Wednesday, September 22, 2010

Hiring for #devops - a primer

I've written about this previously as part of another post but I've had a few things on my mind recently about the topic and needed to do a brain dump.

As I mentioned in that previous post, I'm currently with a company where devops is part of the title of our team. I won't go into the how and why again for that use case. What I want to talk about is why organizations are using DevOps as title in both hiring and as an enumerated skillset.

We know that what makes up DevOps isn't anything new. I tend to agree with what John Willis wrote on the Opscode blog about CAMS as what it means to him. The problem is that even with such a clear cut definition, companies are still struggling with how to hire people who approach Operations with a DevOps "slant". Damon Edwards says "You wouldn't hire an Agile" but I don't think that's the case at all. While the title might not have Agile, it's definitely an enumerated skill set. A quick search on monster in a 10 mile radius from my house turned up 102 results with "Agile" in the description such as:

  • experienced Project Manager with heavy Agile Scrum experience
  • Agile development methodologies 
  • Familiar with agile development techniques
  • Agile Scrum development team 

Yes, it's something of a misuse of the word Agile in many situations but the fact of the matter is that when a company is looking for a specific type of person, they tend to list that as a skill or in the job description. Of course Agile development is something of a formal methodology whereas DevOps isn't really. I think that's why I like the term "Agile Operations" more in that regard. But in the end, you don't have your "Agile Development" team and so you really wouldn't have your "Agile Operations" team. You have development and you have operations.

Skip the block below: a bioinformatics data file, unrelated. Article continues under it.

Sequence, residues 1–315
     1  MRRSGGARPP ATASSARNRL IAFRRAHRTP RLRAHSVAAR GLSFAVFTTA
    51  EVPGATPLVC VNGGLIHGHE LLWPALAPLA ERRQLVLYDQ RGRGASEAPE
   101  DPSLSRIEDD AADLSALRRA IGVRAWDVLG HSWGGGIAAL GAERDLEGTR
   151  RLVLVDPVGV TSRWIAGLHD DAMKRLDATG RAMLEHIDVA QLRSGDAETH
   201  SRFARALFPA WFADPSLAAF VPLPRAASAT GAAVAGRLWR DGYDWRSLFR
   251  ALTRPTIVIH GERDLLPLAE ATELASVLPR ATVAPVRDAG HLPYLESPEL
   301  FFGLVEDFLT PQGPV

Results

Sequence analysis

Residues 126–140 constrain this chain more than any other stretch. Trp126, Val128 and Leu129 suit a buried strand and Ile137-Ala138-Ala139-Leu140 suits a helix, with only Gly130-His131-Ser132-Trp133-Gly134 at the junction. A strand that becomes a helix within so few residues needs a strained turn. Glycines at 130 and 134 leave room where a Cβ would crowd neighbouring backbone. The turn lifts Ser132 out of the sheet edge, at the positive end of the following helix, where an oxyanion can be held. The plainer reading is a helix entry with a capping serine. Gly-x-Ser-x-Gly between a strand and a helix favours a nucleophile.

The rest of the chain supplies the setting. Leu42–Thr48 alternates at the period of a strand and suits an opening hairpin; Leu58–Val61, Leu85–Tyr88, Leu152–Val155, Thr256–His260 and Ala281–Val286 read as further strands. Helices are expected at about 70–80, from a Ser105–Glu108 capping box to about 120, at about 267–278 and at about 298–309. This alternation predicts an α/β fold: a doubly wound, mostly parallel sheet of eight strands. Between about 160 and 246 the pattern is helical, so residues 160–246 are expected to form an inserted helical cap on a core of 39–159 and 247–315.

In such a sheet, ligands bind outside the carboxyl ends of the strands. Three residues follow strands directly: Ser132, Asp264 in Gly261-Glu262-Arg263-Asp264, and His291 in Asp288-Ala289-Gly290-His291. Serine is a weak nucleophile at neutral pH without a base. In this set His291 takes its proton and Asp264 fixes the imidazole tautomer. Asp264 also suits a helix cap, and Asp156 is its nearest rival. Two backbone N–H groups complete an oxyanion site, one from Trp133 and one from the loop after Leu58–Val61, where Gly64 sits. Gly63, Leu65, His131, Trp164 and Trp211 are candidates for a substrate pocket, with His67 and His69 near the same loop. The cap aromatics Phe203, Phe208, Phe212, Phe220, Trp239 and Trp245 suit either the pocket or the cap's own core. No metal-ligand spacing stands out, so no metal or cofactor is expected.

So what's a company to do? They want someone who "does that devops thing". How do they find that person? Some places are listing "tools like puppet, chef and cfengine" as part of skill sets. That goes a long way to helping job seekers key off of the mindset of an organization but what about the organization? How do they determine if the person actually takes the message of DevOps to heart? I think CAMS provides that framework.

Culture and Sharing

What kind of culture are you trying to foster? Is it one where Operations and Development are silos or one where, as DevOps promotes, the destruction of artificial barriers between the groups? Ask questions of potential employees that attempt to draw that out of them. Relevance to each role is in parenthesis.

  • Should developers have access to production? Why or why not? (for Operations staff)
  • Should you have access to production? Why or why not? (for Development staff)
  • Describe a typical release workflow at a previous company. What were the gaps? Where did it fail? (Both)
  • Describe your optimal release workflow. (Both)
  • Have you even been to a SCRUM? (Operations)
  • Have you ever had operations staff in a SCRUM? (Development)
  • At what point should your team start being involved/stop being involved in a product lifecycle? (Both)
  • What are the boundaries between Development and Operations? (Both)
  • Do you have any examples of documentation you've written? (Both)
  • What constitutes a deployable product? (Both)
  • Describe your process for troubleshooting an outage? What's the most important aspect of an outage? (Both)

Automation and Metrics